Wisconsin health care campus achieves water conservation

The University of Wisconsin Hospital & Clinics incorporates a number of water sustainability measures.

By Willa Kuh and Fred Betz, PhD, LEED AP BD+C, Affiliated Engineers Inc., Madison July 17, 2014

The University of Wisconsin Hospital & Clinics (UWHC) will soon open UW Health at The American Center. Referred to as a health care campus, the 42-acre site includes a 492,000-sq-ft hospital, a universal care center, and a wellness campus, representing a unique approach for the Madison, Wis.-based health care provider to serve a growing patient population and establish a service point separate from the main UWHC campus. 

The three-wing facility is designed to be U.S. Green Building Council LEED for Healthcare Silver and to promote the city’s goal of reducing water use. From a base design that would have used 17.6 million gal/year, the selection and right-sizing of mechanical systems and facility equipment reduced the total water demand to 11.7 million gal/year. Of that number, more than half of the building’s water use (6.1 million gal/year) will be with second-generation (reuse) water. 

This water reuse enabled the project’s stormwater management ponds to be designed to a reduced water infiltration level, supporting site design objectives and making it easier to secure approvals for the stormwater management plan. When the building opens in 2015, UWHC will avoid purchasing 12 million gal/year of potable water that the base design would have used. 

“We practice our mission of advancing health both within our facilities and in the communities we serve,” said Ralph Turner, UWHC vice president of facilities and support services. “The water-conserving design of UW Health at the American Center illustrates this, partnering with our host city to meet the water needs of our growing community without increasing groundwater withdrawal.”

The facility incorporates a number of sustainability measures, including the following design elements that work to reduce building energy demand and water use: 

  • Heat recovery chillers for base load heating and cooling
  • High-performance window glazing and roof 
  • High-performance chiller plant with optimized chilled water plant, and six cycles of concentration
  • High-performance boiler plant with stack economizers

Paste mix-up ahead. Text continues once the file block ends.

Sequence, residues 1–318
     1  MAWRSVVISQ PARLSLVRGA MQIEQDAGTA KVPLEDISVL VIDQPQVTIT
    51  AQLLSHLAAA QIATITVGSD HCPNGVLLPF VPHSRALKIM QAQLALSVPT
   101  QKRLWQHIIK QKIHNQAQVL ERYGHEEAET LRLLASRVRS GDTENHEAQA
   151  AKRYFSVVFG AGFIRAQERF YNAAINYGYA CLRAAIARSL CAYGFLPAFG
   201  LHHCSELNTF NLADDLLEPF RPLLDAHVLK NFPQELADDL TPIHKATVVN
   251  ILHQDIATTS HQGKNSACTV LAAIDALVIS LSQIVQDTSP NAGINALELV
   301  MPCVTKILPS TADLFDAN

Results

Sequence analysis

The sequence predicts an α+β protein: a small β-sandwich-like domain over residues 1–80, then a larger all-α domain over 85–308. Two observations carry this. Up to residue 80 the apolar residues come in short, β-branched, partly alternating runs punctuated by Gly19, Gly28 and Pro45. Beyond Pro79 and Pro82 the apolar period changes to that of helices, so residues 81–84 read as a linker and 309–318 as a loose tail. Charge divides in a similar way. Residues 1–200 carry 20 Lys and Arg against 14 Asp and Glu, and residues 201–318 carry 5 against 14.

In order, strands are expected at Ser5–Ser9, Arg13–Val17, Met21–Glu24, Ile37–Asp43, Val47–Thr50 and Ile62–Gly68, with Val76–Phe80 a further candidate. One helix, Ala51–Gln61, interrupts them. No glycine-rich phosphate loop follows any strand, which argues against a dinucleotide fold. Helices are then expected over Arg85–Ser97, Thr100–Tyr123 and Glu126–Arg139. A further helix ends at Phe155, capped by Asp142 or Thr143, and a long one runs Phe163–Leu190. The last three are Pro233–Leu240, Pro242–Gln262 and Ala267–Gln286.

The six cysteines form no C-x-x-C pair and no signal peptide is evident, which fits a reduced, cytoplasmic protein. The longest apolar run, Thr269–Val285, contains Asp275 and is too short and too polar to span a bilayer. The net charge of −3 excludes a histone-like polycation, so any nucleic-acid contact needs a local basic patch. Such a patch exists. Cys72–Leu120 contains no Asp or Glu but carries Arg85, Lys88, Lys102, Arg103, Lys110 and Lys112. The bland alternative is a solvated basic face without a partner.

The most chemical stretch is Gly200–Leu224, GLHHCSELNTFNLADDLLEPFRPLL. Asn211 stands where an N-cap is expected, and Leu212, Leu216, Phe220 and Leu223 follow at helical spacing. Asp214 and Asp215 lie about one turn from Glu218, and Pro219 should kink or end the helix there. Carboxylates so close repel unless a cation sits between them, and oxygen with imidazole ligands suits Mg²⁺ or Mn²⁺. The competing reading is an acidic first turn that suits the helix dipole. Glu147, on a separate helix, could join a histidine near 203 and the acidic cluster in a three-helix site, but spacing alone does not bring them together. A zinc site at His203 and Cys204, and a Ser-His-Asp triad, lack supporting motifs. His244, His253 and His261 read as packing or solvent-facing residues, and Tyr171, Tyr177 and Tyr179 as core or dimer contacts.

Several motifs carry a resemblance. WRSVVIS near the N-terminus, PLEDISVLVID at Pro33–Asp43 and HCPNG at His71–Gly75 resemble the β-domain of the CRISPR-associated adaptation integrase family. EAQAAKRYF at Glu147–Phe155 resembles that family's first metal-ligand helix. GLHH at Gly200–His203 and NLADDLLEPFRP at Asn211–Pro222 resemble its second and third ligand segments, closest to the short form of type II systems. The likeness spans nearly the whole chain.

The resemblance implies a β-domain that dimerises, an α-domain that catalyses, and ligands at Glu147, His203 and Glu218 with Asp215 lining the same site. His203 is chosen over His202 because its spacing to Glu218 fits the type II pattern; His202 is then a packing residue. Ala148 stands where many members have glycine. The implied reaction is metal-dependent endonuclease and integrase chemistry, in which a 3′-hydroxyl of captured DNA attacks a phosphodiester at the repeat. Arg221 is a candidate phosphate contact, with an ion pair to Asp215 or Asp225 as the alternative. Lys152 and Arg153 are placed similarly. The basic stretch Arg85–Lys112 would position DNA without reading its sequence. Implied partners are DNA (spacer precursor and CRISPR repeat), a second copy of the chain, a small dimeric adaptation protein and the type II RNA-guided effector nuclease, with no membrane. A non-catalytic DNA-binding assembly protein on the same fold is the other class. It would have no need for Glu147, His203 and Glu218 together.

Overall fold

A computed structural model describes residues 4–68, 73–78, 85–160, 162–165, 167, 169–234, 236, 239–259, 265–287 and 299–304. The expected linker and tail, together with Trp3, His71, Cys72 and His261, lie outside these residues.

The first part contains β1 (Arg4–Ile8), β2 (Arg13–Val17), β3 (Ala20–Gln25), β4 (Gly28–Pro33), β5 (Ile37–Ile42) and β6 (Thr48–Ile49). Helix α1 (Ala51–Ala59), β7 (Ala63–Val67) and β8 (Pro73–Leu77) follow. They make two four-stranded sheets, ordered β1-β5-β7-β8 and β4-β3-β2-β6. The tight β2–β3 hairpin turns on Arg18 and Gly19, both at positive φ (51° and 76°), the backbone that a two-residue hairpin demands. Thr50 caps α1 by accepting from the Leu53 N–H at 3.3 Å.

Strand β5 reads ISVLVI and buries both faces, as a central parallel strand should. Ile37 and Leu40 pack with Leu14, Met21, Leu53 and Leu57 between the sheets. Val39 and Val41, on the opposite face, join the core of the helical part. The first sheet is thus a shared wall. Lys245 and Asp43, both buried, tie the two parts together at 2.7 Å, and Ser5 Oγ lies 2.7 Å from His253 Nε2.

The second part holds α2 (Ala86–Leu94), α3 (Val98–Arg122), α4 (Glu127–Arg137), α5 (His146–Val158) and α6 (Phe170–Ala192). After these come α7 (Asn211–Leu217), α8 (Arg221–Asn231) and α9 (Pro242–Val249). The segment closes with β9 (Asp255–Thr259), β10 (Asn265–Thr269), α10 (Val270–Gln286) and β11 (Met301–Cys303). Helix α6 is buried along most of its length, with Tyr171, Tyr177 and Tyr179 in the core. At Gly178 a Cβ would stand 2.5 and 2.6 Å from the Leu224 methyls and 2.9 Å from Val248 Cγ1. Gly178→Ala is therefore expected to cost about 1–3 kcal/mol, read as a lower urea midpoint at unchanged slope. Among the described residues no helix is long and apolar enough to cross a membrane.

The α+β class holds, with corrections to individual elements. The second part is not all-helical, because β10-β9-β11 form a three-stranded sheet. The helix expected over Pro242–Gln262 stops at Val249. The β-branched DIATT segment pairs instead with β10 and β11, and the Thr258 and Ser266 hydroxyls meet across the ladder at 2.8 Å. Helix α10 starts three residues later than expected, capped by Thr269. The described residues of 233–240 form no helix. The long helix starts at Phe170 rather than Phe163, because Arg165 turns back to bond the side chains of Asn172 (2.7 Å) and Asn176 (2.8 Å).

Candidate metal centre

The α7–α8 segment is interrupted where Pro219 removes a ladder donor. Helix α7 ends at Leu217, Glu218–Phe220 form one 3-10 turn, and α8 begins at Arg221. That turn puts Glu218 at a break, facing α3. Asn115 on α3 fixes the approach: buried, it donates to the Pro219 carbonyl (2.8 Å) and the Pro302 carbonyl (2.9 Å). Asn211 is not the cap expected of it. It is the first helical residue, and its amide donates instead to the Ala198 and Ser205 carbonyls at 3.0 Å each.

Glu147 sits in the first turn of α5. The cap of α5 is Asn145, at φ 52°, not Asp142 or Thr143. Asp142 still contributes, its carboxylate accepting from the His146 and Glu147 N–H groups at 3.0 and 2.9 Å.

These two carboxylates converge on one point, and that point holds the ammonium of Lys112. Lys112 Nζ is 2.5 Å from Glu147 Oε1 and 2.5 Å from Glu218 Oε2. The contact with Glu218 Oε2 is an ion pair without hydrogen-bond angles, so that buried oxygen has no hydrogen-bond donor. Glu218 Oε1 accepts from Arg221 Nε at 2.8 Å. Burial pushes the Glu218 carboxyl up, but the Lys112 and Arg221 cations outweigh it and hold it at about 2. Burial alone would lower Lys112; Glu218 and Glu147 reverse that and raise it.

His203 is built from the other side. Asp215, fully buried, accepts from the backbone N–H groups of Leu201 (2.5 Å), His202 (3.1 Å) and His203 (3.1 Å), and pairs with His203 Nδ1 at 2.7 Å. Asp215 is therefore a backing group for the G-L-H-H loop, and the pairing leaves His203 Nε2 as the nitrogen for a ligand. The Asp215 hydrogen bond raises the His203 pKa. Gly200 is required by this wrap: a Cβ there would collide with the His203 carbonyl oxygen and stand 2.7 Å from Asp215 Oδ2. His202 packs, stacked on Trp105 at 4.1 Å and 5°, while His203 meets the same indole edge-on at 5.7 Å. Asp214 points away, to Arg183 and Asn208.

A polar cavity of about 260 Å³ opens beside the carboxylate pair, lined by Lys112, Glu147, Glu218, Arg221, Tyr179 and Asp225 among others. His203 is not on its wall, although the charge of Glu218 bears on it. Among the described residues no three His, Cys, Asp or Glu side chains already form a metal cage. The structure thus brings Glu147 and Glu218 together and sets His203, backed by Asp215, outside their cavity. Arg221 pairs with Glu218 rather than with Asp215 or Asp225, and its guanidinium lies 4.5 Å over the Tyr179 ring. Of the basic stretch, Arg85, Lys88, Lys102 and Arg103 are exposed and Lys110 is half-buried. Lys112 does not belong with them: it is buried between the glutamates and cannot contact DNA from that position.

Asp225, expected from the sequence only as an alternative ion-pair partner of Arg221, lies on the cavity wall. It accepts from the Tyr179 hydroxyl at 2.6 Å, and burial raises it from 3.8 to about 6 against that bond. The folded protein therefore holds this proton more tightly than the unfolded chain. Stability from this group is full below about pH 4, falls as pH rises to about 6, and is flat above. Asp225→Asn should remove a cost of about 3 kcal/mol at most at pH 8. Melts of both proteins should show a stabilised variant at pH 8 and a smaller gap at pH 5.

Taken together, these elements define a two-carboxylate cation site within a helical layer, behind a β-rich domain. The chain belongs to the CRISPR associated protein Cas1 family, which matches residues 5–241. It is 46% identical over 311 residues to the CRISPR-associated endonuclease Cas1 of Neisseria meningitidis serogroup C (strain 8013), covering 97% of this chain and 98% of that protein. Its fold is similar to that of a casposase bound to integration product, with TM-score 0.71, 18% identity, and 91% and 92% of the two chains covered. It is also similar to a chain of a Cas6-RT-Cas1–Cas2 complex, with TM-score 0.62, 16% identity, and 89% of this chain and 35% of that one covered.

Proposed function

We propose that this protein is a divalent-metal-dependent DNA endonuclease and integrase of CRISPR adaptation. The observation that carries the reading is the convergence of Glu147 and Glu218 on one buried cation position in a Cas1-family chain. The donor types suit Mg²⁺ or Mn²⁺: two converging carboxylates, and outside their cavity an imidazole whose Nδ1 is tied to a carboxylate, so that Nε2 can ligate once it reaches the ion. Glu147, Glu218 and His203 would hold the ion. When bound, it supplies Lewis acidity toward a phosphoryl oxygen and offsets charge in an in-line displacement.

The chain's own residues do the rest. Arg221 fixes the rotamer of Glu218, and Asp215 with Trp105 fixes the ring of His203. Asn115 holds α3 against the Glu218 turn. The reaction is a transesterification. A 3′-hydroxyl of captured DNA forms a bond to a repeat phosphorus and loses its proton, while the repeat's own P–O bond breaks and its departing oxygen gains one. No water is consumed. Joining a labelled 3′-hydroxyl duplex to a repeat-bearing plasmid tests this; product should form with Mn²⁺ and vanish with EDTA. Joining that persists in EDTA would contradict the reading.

• Efficient lighting, daylight harvesting, and lighting controls
  • Comprehensive HVAC controls to setback unoccupied airflows in operating rooms, imaging, and outpatient spaces
  • Chilled water cooled imaging equipment
  • High-performance central kitchen with variable air volume (VAV) hoods, end-skirts, efficient appliances, water-cooled freezers, and efficient hood layout.
  • Design elements that reduce water use and, consequently, reduce building energy demand, with a premium placed on reducing potable water use include: 
  • Chilled water cooled sterilizers (207 gal of quench water avoided per cycle, 15 gal evaporated in cooling tower per cycle) 
  • A system of interconnected ponds that receive and naturally filter water from air handling units, roofs, lawn, and parking areas 
  • A cooling tower and landscape system that use water from the site’s interconnected ponds
  • Landscape design with minimal irrigation needs
  • An isopropyl alcohol liquid pool cover to reduce pool evaporation by 40% and reduce dehumidification and makeup water heating
  • Efficient water fixtures and devices.

In addition to the direct energy and water savings from these systems, reducing cooling loads on the main chillers reduces heat rejection and consequently evaporated water, drift, and blowdown. Reducing heating loads on the steam boilers reduces blowdown. For nearly every energy savings, there is a complementary water savings, and vice versa. 

Even with relatively low water and sewer rates, the design of this building was able to offer the building’s owner a payback of less than three years for many of the water use reduction-and-reuse elements of the building design. 

Willa Kuh is Affiliated Engineers’ director of planning. She has expertise in campus projects with an emphasis on resource planning, assisting clients in their development of facility master plans, strategic energy plans, sustainability plans, and climate mitigation plans. Kuh is a planner for the UW Health at the American Center project. Fred Betz is a senior sustainable systems analyst with Affiliated Engineers. With a doctorate in building performance and diagnostics from Carnegie Mellon University, he specializes in advanced building systems integration, energy and other resource simulation and planning, renewable energy and power generation, and controls and diagnostics. He is the lead energy and water analyst for the UW Health at the American Center project.